Damn. That Is One Big Loophole GE Found!

I have to watch Congress dither over withholding money that would bring much-needed health care to the uninsured, and then I get to watch things like

I have to watch Congress dither over withholding money that would bring much-needed health care to the uninsured, and then I get to watch things like this. Compare and contrast!

General Electric, the world's largest industrial company, has quietly become the biggest beneficiary of one of the government's key rescue programs for banks.

At the same time, GE has avoided many of the restrictions facing other financial giants getting help from the government.

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The company did not initially qualify for the program, under which the government sought to unfreeze credit markets by guaranteeing debt sold by banking firms. But regulators soon loosened the eligibility requirements, in part because of behind-the-scenes appeals from GE.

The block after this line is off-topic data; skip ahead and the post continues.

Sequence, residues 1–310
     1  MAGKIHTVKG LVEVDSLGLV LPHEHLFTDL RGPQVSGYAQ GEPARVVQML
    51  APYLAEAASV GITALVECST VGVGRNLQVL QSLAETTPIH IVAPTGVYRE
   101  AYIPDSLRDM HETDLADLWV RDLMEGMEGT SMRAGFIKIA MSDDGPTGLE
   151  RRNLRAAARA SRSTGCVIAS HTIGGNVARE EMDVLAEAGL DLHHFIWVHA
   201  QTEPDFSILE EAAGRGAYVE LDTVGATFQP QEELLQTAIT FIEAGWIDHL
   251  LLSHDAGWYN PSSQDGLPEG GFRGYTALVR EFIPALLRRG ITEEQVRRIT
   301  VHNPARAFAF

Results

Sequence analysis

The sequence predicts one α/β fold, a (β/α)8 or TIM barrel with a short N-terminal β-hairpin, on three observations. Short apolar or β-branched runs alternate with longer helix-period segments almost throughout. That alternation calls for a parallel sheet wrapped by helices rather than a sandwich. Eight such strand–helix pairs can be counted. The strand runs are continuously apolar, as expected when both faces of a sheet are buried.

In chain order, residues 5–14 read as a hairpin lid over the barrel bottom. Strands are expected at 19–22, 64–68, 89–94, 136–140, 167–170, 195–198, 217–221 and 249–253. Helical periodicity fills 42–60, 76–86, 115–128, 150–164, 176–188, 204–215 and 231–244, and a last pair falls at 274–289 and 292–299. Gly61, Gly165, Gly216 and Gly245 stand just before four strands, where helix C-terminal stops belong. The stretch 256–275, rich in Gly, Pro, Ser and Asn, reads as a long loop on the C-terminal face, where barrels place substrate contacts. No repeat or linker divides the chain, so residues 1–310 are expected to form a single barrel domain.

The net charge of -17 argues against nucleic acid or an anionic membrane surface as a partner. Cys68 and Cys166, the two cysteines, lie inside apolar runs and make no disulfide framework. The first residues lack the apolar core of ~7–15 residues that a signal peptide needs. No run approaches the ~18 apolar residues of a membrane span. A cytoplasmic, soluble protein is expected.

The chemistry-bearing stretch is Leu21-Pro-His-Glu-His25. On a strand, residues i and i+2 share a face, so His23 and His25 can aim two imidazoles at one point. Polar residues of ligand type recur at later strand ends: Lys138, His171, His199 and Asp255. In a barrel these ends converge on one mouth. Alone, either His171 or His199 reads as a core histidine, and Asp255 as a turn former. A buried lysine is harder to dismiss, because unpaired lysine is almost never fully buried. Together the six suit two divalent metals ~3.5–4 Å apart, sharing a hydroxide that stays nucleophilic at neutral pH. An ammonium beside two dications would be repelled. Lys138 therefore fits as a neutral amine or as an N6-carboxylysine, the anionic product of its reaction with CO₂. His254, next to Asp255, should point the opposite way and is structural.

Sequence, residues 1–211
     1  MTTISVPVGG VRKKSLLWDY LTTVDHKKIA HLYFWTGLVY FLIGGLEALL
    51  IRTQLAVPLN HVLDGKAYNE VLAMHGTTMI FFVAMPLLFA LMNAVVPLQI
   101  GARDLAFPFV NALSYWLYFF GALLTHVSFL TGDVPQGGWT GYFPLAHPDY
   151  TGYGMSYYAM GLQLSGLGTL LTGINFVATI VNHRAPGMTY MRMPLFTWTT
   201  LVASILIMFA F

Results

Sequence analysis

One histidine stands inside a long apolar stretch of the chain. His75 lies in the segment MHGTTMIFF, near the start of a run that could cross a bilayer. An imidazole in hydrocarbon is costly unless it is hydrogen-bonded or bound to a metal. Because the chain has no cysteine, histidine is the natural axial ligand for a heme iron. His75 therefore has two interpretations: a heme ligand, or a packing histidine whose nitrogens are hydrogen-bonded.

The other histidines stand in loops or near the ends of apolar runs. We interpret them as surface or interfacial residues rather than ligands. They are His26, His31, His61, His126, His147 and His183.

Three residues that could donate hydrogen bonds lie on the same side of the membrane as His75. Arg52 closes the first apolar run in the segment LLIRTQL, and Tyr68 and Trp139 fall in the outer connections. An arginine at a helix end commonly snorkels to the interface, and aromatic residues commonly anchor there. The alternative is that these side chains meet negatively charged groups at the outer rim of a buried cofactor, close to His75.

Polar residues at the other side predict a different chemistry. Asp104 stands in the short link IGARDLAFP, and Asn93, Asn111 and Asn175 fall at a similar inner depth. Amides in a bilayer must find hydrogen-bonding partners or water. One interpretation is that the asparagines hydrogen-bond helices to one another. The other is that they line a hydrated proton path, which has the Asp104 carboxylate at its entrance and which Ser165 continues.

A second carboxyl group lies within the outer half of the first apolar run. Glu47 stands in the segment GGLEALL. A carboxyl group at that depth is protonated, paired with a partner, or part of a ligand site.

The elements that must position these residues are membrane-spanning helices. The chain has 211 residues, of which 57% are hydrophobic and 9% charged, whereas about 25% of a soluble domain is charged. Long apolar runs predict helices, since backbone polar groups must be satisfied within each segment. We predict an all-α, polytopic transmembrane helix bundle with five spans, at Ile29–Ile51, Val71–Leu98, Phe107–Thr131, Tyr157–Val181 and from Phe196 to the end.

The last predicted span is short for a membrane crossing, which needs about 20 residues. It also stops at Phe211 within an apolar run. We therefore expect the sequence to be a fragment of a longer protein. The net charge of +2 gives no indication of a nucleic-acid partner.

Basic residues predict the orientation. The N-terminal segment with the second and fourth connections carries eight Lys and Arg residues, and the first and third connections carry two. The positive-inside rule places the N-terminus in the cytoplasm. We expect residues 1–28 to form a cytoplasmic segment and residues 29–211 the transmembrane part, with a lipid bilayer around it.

As a result, GE has joined major banks collectively saving billions of dollars by raising money for their operations at lower interest rates. Public records show that GE Capital, the company's massive financing arm, has issued nearly a quarter of the $340 billion in debt backed by the program, which is known as the Temporary Liquidity Guarantee Program, or TLGP. The government's actions have been "powerful and helpful" to the company, GE chief executive Jeffrey Immelt acknowledged in December.

GE's finance arm is not classified as a bank. Rather, it worked its way into the rescue program by owning two relatively small Utah banking institutions, illustrating how the loopholes in the U.S. regulatory system are manifest in the government's historic intervention in the financial crisis.

The Obama administration now wants to close such loopholes as it works to overhaul the financial system. The plan would reaffirm and strengthen the wall between banking and commerce, forcing companies like GE to essentially choose one or the other.

"We'd like to regulate companies according to what they do, rather than what they call themselves or how they charter themselves," said Andrew Williams, a Treasury spokesman.

Yeah, Andrew, that would be nice.

About Susie Madrak

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